The secret to opening fresh clams is to sit them in the freezer until their mouths open slightly, shared Morris, but understand if you do, some of the precious clam juice might escape. When opening the clams (you can use an oyster knife for this,) do it over a bowl to catch all of the juice. Strain the juice to remove any grit. Morris suggests gutting the clams by taking out the dark part (the stomach) to help remove any additional grittiness, then wash them thoroughly before chopping.
“Fresh seafood always tastes best and that is what makes great clam chowder,” she added.
We couldn’t agree more – especially for those of us who live near the coast. Whether you prefer the localized version or opt for the more widely known New England Clam Chowder – which ties with chicken noodle soup as the most loved soup in America – there is no better way to beat the winter cold.
Down East Clam Chowder
1/2 bushel of chowder or cherrystone clams, gutted and washed twice, or a quart to half-gallon cleaned clams, plus saved clam juice
5 strips lean bacon or fat meat, notched to the rind so it will lay flat
5 lbs white potatoes, peeled and cubed
2 large yellow onions, chopped
4-5 quarts water
Salt & pepper to taste
Prepare clams and reserve the juice. Spray the bottom of a 6-8 quart pot with nonstick cooking spray. Fry the fat meat until brown and crispy. Remove and set aside. Add clams, clam juice, potatoes, onions, to pot. Add salt & pepper. Pour water to cover. Crumble and add fat meat. Boil an hour without a lid. Stir to keep potatoes from sticking. Add cornmeal dumplings and boil additional 30 minutes. Dumplings will thicken the chowder.
1 cup fine ground yellow cornmeal
1 tbsp all purpose flour
1 tsp salt
Mix dry ingredients and add 3 tbsp water to start with, blend and add water as needed to make cornmeal stick together. Form 1/4 inch think circles about 3 inches wide and drop in chowder.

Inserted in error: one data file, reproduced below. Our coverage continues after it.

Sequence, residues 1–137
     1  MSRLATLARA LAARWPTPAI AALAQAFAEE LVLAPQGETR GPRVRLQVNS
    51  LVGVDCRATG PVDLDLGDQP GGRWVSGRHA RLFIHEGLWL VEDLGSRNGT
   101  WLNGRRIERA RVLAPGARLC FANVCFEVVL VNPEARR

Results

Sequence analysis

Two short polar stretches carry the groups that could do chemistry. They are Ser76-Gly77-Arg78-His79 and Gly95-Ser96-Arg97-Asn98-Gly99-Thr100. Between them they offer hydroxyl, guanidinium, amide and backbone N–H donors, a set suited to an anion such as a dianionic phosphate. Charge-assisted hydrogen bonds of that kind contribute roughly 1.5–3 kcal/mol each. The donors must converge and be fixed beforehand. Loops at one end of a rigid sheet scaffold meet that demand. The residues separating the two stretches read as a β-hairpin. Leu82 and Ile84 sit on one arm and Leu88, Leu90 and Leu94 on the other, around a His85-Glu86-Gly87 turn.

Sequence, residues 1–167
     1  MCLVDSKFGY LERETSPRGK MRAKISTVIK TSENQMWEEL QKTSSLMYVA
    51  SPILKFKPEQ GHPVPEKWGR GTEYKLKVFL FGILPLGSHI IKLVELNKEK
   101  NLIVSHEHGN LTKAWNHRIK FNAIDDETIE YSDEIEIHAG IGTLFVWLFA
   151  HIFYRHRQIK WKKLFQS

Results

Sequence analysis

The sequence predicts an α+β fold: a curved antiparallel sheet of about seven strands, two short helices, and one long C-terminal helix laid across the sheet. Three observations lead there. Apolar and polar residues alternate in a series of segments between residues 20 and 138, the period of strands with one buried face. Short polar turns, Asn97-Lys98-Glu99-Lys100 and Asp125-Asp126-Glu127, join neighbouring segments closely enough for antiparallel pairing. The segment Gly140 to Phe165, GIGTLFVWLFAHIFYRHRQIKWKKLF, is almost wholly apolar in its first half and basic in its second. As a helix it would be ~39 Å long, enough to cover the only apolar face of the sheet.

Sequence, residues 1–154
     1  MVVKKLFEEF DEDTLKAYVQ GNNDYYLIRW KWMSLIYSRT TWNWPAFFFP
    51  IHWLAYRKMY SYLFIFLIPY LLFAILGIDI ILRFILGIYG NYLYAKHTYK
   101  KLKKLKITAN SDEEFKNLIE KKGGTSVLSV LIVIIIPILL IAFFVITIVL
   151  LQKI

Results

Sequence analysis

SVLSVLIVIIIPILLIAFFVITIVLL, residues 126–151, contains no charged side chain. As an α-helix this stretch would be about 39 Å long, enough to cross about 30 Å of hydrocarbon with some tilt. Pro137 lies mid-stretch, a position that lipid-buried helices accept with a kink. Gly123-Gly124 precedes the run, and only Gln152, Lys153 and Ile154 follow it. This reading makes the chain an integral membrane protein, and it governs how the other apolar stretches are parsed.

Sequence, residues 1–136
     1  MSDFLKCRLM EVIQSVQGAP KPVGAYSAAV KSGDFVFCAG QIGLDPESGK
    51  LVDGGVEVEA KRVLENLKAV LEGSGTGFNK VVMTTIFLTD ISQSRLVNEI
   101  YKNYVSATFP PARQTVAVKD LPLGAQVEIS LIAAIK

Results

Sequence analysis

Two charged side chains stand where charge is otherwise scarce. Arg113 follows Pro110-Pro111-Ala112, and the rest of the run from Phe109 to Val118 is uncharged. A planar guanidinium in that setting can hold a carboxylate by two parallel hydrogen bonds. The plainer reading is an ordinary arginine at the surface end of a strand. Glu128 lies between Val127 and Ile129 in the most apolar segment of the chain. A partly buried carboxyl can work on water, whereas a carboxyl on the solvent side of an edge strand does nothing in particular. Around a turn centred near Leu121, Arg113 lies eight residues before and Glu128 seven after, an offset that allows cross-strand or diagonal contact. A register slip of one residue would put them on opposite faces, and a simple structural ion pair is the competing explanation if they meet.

New England Clam Chowder
2 cups chopped clams, reserved juice
2 cups russet potato, peeled and cubed
3 slices of bacon
1 bay leaf
¼ cup butter
1 finely chopped yellow onion
2 full garlic cloves, minced
1 cup celery, diced
1/2 cup all-purpose flour
1 cup milk
1 cup heavy cream
1 teaspoon salt
1/2 teaspoon pepper
1 tablespoon red wine vinegar
Prepare clams and reserve the juice. Cook bacon in a 6-8 quart pot, drain, cool and crumble. Over medium heat, sauté onions and celery with bay leaf, garlic, salt and pepper. Add butter and flour, stir, and slowly add reserved clam juice, cream and milk while whisking. Bring to a boil and bacon and potato, simmering until soft. Use additional milk to adjust thickness as desired. Salt and pepper to taste. Serve with oyster crackers.
Manhattan Clam Chowder
2 cups chopped clams, reserve juice
2 cups potato, peeled and diced
3 slices bacon
1 yellow onion, diced
1 cup celery, diced
Salt and pepper, to taste
1 bay leaf
½ cup white wine
2 cups low sodium chicken broth
1 - 16 oz can whole tomatoes, with juice
Fresh minced parsley, for garnish
Prepare clams and reserve the juice. Cook bacon in a 6-8 quart pot, drain, cool and crumble. Sauté onion and celery in the bacon drippings with salt and pepper and bay leaf. Add bacon and wine, reduce until almost dry. Add reserved clam juice, broth and tomatoes with juice, crushing tomatoes in the pot. Simmer 20 minutes. Add potatoes and simmer until tender. Salt and pepper to taste.